Thursday, February 14, 2019

Sector Inspector: Our Macro Framework for US Markets and Why We (Still) Like Consumer Discretionary, Financials & Energy

Spencer Joyce, CFA
Author position
Vice President | Markets Analyst

Hilliard Lyons’ Investment Strategy & Research team is dedicated to supporting you and your Wealth Advisor. We provide investment guidance and help you separate meaningful news from idle noise via timely market commentary.

In the Sector Inspector series, ISR presents our view on US equity market sectors. Our goal is to help investors understand US equity markets by focusing on discrete items that impact groups of stocks. We also seek to draw attention to areas where we see opportunity, and to highlight groups we believe are less compelling. It should be noted, ISR believes in diversification and that most investors should be exposed to most (or all) sectors.

Changes This Month: No Changes.

Our Current Macro Framework for US Markets

Many themes and opinions impact our sector views; several are detailed below. We view the overall market at 16.4 forward earnings as modestly attractive on valuation.

  • The protectionist bent to US trade policy is destructive for most US multi-nationals. However, consensus seems to assume a trade deal with China is reached, and potential for tariff escalation with the European Union seems underappreciated.
  • The energy sector endured a volatile Q4, but oil prices seem to have stabilized (prices now effectively flat from ~3 months ago). Meanwhile, much of the sector set Cap Ex plans in recent weeks.
  • We are cognizant of rising cost pressures for companies, and the risk that tariffs bolster the trend. Examples include rising wages and elevated transit costs, and a headwind from a stronger US dollar.
  • A pivot in January suggests that the Federal Reserve may be ‘on hold.’ Consensus is for zero interest rate hikes from the Fed this year. Over the past several weeks, financial conditions have generally loosened, credit spreads have compressed, and rates have trickled lower.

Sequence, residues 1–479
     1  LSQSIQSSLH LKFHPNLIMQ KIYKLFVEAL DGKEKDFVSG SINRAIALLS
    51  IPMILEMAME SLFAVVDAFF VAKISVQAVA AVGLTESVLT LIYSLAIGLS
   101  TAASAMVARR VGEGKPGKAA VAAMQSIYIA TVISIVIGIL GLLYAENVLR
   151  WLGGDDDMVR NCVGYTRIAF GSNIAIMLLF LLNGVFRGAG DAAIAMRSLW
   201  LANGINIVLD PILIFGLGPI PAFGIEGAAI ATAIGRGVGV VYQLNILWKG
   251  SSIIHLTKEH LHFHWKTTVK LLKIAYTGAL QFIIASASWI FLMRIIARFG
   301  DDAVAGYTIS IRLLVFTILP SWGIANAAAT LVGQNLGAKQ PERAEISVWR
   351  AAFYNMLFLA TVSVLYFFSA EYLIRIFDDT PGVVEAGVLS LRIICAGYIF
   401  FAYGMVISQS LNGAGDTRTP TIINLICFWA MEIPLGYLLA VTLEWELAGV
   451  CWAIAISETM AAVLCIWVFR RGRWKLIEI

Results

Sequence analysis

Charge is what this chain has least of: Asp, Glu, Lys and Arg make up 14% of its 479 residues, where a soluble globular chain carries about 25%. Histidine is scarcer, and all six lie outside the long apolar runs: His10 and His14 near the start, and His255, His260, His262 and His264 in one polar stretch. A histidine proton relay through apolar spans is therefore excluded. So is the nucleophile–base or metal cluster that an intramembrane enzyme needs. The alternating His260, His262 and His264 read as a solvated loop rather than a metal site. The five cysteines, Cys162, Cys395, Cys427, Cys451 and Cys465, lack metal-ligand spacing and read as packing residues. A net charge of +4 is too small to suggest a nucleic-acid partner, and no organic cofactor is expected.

• We believe the US economy is strong, particularly the US consumer. Our confidence here is predicated on the US worker. Unemployment is low, wages are growing, and our home economy continues to add jobs. Sentiment readings have waned somewhat, but we believe the government shutdown may be obscuring more durable trends. We believe the outlook for US growth is more resilient than most of the rest of the world.

We Like: Consumer Discretionary, Financials & Energy

Consumer Discretionary: We like Consumer Discretionary as a play on the US consumer. We see consumer spending as one of the more dependable facets of the current global economic backdrop due to low unemployment and rising wages. Affordable gas prices factor in here too, as does a reduced tax burden for most spenders. The sector may not appear cheap at 19.7x forward earnings, but we believe this is reasonable given growth expectations.

We do acknowledge some challenges for the sector. Activity in Auto and Housing remains uninspiring, but both industries could benefit from the recent Fed pivot. Pockets of retail are overleveraged and face disruption, and goods manufacturers are likely to grapple with cost inflation. That said, the sector is large, with its share of insulated verticals (e.g., travel & leisure), and there are plenty of companies with resilient operational and financial positions.

Financials: We like valuation in Financials at just 11.6x forward earnings expectations. Aside from the depths of December’s correction, the sector is the cheapest it has been since 2012. Balance sheets are improved from the prior cycle, and earnings are less cyclical. Political scrutiny has shifted to other sectors (e.g., Tech, pharma), which supports returns on equity (ROEs) and capital return (dividends and buybacks). An uptick in M&A could be a catalyst for multiple expansion; two southeastern US-based institutions recently agreed to merge and form the country’s 6th largest bank.